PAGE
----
Fell Voices

Terra – Mors Secunda Review

Terra – Mors Secunda Review

“I was rooting for Terra. About two years ago when this English trio released their untitled debut, I thought the group had the potential to breathe fresh life into the so-called “Cascadian” black metal scene that had been losing steam for the past few years. Nevermind that they aren’t technically from the Pacific Northwest…” Cascading is the new voguing.

Ash Borer – The Irrepassable Gate Review

Ash Borer – The Irrepassable Gate Review

“I will admit off the bat that I did not know what I was walking into with Ash Borer. They were a random pick, as our promo sheet is currently blacker than an Ad Reinhardt ten-part series on being born blind. I missed the boat on the so-called “Cascadian black metal” scene after several unsatisfying jaunts with Wolves in the Throne Room, but I’m down to see what all the hype is about.” Hype can truly be a bore.

Terra – Untitled Review

Terra – Untitled Review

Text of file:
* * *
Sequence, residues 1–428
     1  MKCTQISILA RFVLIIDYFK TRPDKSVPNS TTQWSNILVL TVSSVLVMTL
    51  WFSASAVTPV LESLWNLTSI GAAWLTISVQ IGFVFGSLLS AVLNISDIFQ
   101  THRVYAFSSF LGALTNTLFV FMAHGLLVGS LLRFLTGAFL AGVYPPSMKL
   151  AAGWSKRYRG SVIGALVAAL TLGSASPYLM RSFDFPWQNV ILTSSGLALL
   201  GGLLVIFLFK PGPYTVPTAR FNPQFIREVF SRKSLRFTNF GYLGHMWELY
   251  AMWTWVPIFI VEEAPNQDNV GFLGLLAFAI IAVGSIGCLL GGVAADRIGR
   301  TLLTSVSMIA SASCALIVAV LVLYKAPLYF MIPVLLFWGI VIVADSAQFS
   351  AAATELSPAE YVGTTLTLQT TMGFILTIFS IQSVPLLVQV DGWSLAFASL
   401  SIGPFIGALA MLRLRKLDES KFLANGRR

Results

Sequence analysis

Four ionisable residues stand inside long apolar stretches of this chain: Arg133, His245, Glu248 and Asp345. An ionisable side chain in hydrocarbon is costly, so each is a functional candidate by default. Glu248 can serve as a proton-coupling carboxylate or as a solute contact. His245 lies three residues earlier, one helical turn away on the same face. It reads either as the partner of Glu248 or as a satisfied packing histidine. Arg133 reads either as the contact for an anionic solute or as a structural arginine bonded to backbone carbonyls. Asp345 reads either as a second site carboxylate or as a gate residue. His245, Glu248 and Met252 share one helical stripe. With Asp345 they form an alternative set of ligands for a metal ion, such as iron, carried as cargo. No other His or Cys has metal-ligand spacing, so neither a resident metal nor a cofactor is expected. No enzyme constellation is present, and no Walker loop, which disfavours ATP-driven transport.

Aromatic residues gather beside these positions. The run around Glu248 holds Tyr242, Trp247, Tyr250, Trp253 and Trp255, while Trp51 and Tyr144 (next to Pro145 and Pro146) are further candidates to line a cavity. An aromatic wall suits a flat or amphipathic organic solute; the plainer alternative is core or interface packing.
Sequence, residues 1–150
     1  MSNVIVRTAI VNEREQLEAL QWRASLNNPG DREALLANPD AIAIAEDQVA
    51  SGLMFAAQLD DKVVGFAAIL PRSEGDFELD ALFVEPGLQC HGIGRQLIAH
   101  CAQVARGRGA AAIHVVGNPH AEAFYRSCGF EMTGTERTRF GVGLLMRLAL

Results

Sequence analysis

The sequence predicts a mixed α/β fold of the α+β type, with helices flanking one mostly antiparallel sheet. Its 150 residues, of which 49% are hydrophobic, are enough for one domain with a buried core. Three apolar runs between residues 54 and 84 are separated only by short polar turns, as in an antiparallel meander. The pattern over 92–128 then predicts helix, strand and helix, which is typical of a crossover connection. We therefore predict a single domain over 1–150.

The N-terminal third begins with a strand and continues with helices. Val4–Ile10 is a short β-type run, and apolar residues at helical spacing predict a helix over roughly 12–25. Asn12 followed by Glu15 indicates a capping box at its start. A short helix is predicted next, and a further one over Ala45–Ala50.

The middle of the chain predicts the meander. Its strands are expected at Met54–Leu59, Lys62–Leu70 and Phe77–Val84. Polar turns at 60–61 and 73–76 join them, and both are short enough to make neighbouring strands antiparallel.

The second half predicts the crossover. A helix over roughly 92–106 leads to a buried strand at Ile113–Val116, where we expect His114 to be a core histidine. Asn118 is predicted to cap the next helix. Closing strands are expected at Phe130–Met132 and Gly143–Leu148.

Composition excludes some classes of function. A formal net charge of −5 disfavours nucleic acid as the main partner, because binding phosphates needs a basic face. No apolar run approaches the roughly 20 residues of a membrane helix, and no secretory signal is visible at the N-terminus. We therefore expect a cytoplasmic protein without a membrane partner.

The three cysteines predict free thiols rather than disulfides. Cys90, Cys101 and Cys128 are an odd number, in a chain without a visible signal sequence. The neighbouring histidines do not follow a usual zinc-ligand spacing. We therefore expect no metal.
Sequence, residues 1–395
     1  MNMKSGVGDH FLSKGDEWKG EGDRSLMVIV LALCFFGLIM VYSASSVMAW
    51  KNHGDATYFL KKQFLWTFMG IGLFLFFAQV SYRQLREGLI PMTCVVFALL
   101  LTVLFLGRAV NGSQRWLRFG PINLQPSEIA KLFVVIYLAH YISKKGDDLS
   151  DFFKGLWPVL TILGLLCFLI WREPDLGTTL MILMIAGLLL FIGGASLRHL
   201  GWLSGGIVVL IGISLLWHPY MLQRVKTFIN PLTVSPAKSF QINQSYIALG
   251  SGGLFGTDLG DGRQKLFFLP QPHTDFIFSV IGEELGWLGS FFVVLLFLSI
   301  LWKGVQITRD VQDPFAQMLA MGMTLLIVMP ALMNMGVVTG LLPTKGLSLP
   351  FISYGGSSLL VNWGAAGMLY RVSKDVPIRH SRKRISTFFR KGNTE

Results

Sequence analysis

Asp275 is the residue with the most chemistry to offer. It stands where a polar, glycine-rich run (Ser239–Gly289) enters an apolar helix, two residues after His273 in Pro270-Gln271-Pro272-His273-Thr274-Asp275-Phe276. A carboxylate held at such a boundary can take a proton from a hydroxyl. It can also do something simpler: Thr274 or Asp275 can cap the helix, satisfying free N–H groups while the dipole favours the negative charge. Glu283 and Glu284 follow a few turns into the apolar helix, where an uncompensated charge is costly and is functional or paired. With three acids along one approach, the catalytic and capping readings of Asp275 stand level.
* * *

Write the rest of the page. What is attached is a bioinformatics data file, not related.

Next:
“I loved the Cascadian/post-black metal craze, but let’s be honest: that bubble burst at least two years ago. After the umpteenth Wolves worshipper appeared (Addaura, Alda, Ash Borer – need I move past the ‘A’s?’), the mystique wore off and the music turned predictable.” Spring has sprung, and in case the snow hansn’t cooled your outlook, here’s some black metal to further harsh your mellow.

Obsidian Tongue – A Nest of Ravens in the Throat of Time Review

Obsidian Tongue – A Nest of Ravens in the Throat of Time Review

“Say what you like about the U.S. black metal scene, they know how to make so much out of so little. The number of American bands taking black metal in its arguably most minimalistic form and taking it in much more ambitious directions with long and winding song structures is quite staggering. But when you consider the roots of the black metal scene in the US, and the opus that made arguably the biggest impact on it, it doesn’t seem so surprising that so many bands follow almost directly in the footsteps of Weakling‘s widely acclaimed album, Dead as Dreams. Noctus traces the family tree of USBM and gives a little insight on how it influences the new opus from Obsidian Tongue. BTW, that name sounds like a fruity tropical drink that comes with a tiny umbrella.